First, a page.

Bravo to the Swedes for selecting Oliver Williamson and Elinor Ostrom as econ Nobellers. (Nobellians? Nobelistas?) Williamson was on everyone’s short list; transaction cost economics is largely traceable to him. (Coase of course was already honored, but Williamson did more to develop and apply the germinal ideas.) Ostrom was a big surprise. She rarely publishes in economics journals (she’s officially a political scientist), and her approach is antithetical to mainstream economic thinking in almost every particular of content and method. The two make a balanced pair: Williamson uses institutional analysis to argue that hierarchy is needed if we are to uphold market discipline, and Ostrom uses it to support collective action. Much will be made of the fact that Ostrom is the first woman to win this prize, a true scandal that is not erased by moving from N=0 to N=1. It is revealing that this pioneer operates largely outside the realm of professional economics.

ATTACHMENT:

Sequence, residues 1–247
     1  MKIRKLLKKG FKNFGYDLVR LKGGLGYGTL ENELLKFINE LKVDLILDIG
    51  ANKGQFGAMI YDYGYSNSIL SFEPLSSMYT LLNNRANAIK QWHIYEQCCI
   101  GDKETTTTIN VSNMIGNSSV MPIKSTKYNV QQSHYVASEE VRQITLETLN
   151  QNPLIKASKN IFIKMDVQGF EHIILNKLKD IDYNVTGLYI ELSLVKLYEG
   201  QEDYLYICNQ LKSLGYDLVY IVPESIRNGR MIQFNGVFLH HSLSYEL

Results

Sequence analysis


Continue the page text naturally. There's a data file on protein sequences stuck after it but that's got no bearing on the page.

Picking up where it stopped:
Incidentally, whether consciously or not, the Nobel committee has endorsed Paul Krugman’s point that, to move forward, economics has to abandon its obsession with mathematical elegance at the expense of genuine insight and usefulness. Not every economist has to be non-mathematically oriented as Ostrom and Williamson, but the discipline suffers if it cannot accord equal respect to those who do the sort of work exemplified by these two winners.